It is nearly impossible to predict what type of impacts equatorial waves might have beyond a week or two into the future.
Warmer-than-normal water temperatures continue over much of the Atlantic. NOAA officially declared El Nino’s demise on August 8, which often results in lower wind shear. The African easterly jet and monsoon favor tropical waves moving off the continent into the Tropical Atlantic. All of these factors, in aggregate, point toward significantly more tropical storm and hurricane activity into the peak months of this season. However, it is still unclear if the seemingly ubiquitous sinking, stable air over the Atlantic will loosen its grip. This uncertainty is the largest downside risk to what could otherwise be a busy second half of the season.
Expires at 1:00am on Monday August 19th, 2019
The chances for above normal hurricane activity in the Atlantic Basin this year have increased according to the newly-released seasonal update from NOAA.
The agency also said El Nino — a climate phenomenon that warms the water in the eastern Pacific Ocean and often reduces hurricanes in the Atlantic — has officially ended. This is the primary reason for the higher chance of more tropical activity.
The official update, which was released Thursday, includes a 45 percent chance of above normal hurricane activity, a 35 percent chance of below normal activity, and only a 20 percent chance of near normal activity. NOAA predicts 10 to 17 named tropical storms, which include Andrea and Barry from earlier in the season. Of those tropical storms, 5 to 9 are forecast to become hurricanes, with 2 to 4 of those reaching major hurricane (category 3 or greater) status.
The demise of El Niño is the primary reason why NOAA increased their odds for an active hurricane season. Dr. Gerry Bell, NOAA’s lead hurricane seasonal forecaster says a weakening El Niño changes the atmospheric setup over the Atlantic.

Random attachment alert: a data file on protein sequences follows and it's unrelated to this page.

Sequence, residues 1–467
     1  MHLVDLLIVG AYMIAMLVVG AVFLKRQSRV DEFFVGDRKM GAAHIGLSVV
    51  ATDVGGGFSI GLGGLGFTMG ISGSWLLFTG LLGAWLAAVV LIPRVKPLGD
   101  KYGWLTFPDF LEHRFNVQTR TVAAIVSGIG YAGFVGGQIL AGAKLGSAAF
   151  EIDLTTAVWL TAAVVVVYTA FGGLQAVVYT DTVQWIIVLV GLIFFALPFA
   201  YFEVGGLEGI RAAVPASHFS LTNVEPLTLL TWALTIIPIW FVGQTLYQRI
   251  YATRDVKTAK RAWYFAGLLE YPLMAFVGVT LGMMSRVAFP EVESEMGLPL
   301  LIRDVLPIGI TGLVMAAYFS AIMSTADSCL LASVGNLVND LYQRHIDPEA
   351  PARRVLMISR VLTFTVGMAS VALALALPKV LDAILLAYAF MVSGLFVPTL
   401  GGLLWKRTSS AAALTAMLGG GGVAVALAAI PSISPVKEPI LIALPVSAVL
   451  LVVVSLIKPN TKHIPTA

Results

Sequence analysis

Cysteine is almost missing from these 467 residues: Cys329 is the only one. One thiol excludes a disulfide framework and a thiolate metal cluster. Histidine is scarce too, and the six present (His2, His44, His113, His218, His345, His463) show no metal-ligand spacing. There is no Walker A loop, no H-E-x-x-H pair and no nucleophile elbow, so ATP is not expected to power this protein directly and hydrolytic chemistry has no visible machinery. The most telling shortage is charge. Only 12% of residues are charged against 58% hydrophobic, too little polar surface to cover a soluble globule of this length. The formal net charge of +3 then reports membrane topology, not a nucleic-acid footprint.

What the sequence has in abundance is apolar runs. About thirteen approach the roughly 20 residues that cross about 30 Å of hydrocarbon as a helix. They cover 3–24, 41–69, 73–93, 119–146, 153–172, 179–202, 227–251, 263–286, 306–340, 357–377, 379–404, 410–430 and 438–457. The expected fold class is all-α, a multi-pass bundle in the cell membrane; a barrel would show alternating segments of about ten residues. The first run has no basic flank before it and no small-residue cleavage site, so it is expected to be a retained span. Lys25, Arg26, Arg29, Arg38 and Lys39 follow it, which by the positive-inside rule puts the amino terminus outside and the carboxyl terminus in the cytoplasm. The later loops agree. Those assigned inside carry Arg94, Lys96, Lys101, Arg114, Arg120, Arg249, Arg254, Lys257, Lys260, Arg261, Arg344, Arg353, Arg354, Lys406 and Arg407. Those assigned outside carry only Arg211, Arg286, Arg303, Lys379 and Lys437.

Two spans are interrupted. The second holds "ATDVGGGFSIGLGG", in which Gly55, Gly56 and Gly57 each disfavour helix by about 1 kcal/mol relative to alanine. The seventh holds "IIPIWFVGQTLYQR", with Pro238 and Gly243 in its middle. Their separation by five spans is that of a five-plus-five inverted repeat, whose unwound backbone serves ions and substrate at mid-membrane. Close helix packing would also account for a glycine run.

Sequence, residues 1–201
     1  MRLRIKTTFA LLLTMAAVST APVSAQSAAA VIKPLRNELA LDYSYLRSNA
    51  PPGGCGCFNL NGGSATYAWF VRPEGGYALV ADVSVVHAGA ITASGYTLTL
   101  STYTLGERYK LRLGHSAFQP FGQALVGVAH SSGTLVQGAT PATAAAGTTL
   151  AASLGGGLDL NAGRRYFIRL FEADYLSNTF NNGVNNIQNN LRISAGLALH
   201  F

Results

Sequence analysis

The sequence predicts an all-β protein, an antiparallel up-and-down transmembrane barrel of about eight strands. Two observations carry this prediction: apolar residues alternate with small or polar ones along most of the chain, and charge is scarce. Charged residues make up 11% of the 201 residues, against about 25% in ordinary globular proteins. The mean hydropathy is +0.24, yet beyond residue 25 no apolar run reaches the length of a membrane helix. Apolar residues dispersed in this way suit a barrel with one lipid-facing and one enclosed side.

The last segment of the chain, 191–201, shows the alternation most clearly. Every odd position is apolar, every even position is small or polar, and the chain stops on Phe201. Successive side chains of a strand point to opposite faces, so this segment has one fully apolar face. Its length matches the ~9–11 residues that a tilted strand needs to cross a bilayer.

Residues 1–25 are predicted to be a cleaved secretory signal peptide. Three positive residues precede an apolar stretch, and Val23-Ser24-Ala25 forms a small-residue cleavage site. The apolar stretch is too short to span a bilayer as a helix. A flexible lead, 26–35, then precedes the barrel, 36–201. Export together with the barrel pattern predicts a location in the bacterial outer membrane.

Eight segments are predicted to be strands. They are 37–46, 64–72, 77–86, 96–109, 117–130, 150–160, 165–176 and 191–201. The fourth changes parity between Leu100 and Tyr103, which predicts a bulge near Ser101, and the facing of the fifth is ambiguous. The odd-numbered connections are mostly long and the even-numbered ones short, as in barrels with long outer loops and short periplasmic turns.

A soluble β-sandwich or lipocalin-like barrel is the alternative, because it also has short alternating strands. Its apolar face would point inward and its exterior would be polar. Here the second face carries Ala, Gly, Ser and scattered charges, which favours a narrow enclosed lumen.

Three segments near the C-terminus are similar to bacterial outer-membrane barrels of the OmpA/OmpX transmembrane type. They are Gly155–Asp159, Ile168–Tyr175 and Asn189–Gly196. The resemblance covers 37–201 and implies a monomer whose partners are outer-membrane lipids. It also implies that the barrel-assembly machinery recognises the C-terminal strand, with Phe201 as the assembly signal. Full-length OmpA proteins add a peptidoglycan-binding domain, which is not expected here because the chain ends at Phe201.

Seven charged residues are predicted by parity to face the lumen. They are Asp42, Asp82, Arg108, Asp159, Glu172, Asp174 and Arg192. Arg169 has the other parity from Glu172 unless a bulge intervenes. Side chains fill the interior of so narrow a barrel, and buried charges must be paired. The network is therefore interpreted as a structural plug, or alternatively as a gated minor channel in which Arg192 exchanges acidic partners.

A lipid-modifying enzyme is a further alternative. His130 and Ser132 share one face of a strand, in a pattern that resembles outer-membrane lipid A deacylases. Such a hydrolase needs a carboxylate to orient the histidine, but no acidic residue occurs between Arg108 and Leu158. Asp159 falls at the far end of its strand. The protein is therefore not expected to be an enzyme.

“El Niño usually suppresses hurricanes, but now that it has dissipated, we’re expecting conditions to be more favorable for storm development through the rest of the season.”
El Niño’s dissipation isn’t the only reason an active season is becoming more likely. Water temperatures are now above normal over most of the Atlantic, except in a small area near the African coast. Warm ocean waters are well-known to contribute to stronger and more tropical storms and hurricanes, if other conditions are present.
Winds high in the atmosphere are lighter than average over most of the Atlantic, except in the Caribbean Sea. These weaker high-altitude winds also promote the formation and longevity of hurricanes.
The monsoon over western Africa and strong African easterly jet stream tend to aid in the formation of thunderstorms that eventually become tropical waves near the Cape Verde Islands. As more of these tropical waves move off the African coast, the greater the chance that a few of them will grow stronger.
Despite the increased chances for more storms, there is still uncertainty in the forecast. In their longer form narrative, the seasonal forecasters say there are still lingering effects from the El Niño and it’s unclear how strong or persistent these leftover impacts will be over the next few months.
Dr. Phillip Klotzbach of Colorado State University, who leads a team of scientists that also publish seasonal hurricane forecasts, is cautious for the same reasons NOAA forecasters are.
“There’s uncertainty with every forecast, but with the August forecast there probably is a little more uncertainty, just given that the El Niño forcing is relatively weak, and also the Atlantic forcing looks to be relatively weak.”
There are still strong winds at high altitudes over the Caribbean Sea, likely left behind from the El Niño. If these strong winds (known as wind shear) hang around longer than expected, it may cause some of the storms trying to form near the African coast to weaken as they move into the Caribbean.
NOAA cautions that its forecast does not predict the number of landfalling hurricanes, or whether those hurricanes will impact a particular location. It’s usually not possible to make those assessments until a few days prior to a landfall. For this reason, it’s important for communities vulnerable to hurricanes and tropical storms to prepare regardless of the seasonal forecasts.
Expires at 12:00am on Tuesday August 13th, 2019